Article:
Tottenham were in full flow now, their movement quick and incisive and their penetration opening up large gaps in the Blues’ defence. Walker picked a perfect pass in behind to Eriksen who was clear when he dragged his right-footed shot wide. The Dane's free kick just eluded in quick succession the heads of Walker and Kane before Victor Wanyama had a deflected shot come back off the post and Kane, following up, fired wide. It was frenetic and fearsome fayre, Tottenham close to their best.
And yet the difference was merely Kane’s goal, which was almost cancelled out when Gareth Barry played a cheeky chip through to Lukaku who narrowly failed to control the ball and leave himself with a clear shot on goal from close range. Given how well Spurs had played, Everton could feel relieved to be only a goal down when referee Michael Oliver blew the whistle for half-time. Tottenham’s superiority for a lengthy period had been clear.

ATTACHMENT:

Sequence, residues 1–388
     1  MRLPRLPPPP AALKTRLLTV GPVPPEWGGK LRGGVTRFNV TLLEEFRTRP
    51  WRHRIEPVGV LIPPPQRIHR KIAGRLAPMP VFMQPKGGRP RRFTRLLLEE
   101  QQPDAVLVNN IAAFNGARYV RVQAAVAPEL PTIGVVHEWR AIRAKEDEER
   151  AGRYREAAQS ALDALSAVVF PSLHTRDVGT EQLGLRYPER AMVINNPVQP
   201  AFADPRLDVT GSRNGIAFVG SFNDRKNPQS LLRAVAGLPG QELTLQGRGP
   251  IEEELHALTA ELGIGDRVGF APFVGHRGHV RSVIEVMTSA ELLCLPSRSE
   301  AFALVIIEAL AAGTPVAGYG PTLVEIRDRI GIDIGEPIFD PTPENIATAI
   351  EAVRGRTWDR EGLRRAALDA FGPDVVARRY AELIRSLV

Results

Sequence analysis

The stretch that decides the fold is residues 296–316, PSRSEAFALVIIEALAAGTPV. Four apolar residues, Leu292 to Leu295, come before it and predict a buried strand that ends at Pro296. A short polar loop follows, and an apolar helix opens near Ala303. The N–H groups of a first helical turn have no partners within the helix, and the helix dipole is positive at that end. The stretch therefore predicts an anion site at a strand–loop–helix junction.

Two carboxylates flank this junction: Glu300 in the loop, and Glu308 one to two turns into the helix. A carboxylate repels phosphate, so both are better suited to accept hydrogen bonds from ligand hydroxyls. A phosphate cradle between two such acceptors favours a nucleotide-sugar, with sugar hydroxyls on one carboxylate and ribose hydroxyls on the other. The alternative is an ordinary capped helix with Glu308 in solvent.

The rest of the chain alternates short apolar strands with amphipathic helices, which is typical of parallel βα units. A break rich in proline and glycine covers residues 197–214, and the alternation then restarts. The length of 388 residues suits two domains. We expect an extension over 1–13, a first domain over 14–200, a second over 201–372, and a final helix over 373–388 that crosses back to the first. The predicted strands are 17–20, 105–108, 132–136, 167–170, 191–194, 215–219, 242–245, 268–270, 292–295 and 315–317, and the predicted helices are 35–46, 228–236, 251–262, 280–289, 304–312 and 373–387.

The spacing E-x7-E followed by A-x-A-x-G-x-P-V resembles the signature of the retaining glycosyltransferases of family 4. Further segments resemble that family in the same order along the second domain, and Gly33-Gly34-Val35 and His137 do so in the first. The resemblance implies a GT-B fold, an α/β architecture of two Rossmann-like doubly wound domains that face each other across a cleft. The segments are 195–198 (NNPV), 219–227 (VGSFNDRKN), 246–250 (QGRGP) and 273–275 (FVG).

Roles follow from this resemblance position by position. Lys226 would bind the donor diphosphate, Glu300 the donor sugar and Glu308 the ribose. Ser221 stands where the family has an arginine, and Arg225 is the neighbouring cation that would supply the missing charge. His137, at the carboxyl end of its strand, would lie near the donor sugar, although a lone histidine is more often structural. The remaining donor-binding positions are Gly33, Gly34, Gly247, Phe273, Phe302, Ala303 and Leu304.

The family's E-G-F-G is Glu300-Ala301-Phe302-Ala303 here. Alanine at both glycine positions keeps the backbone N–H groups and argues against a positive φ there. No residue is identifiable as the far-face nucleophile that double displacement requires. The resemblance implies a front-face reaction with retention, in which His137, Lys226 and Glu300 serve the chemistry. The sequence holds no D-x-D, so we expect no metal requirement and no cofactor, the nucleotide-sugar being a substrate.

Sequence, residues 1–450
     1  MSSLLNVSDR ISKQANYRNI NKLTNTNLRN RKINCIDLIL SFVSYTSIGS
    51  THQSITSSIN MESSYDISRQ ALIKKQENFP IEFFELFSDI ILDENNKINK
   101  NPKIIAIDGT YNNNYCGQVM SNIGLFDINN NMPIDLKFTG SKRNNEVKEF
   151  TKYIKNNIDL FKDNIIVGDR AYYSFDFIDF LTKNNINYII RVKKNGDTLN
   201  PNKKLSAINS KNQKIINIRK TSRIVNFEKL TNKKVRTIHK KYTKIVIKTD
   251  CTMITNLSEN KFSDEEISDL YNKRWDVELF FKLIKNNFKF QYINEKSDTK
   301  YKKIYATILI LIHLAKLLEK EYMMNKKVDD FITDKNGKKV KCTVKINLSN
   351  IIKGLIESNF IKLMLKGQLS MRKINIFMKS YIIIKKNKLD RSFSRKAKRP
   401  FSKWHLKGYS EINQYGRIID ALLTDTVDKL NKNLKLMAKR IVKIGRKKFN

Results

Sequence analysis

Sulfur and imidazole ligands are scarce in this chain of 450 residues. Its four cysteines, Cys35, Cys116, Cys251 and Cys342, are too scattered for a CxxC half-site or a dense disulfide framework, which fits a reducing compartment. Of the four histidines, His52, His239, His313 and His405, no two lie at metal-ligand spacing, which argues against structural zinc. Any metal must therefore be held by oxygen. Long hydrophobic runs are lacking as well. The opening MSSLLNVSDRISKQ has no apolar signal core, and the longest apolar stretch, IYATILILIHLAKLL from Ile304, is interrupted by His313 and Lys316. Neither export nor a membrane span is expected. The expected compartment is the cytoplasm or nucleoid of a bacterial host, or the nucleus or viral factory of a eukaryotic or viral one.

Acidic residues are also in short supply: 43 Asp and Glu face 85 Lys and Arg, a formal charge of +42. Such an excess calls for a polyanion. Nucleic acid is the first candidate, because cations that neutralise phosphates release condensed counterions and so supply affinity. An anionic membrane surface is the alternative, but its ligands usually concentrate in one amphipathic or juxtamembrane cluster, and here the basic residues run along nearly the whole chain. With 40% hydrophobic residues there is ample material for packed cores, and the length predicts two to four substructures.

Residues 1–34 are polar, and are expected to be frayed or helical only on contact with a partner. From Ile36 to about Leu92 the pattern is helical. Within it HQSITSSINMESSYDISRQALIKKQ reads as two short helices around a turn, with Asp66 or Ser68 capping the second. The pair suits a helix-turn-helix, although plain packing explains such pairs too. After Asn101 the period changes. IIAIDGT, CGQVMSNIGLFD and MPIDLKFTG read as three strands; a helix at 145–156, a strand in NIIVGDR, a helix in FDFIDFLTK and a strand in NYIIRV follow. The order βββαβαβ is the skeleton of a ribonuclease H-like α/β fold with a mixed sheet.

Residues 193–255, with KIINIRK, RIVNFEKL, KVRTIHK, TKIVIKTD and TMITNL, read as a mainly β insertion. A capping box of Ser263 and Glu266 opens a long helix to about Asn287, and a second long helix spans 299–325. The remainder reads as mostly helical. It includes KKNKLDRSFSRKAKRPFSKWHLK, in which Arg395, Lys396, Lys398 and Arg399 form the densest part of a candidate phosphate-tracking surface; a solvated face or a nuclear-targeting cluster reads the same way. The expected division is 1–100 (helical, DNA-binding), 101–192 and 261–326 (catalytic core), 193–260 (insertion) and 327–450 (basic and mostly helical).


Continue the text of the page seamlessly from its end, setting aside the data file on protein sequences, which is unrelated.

They began the second half more threateningly, too. Ben Davies whipped in a cross from the left which Alli headed down and on target, but Robles saved. Then Vertonghen made a powerful run through midfield, skipped around Williams when he approached the penalty area and drilled a powerful strike towards the near post which Robles punched away for a corner.
But when it came right down to it, Everton were complicit in their own downfall. Robles rolled the ball to Morgan Schneiderlin who had his back to the incoming Alli. When he turned and tried to pass short to Williams, Alli stormed in and stole the ball away, flicking it across to Kane on the edge of the area who was in no mood to spurn such a gift. The Tottenham striker almost nonchalantly fired his shot low and to Robles’ left to secure his 19th goal of the season and seemingly put the game beyond the Blues.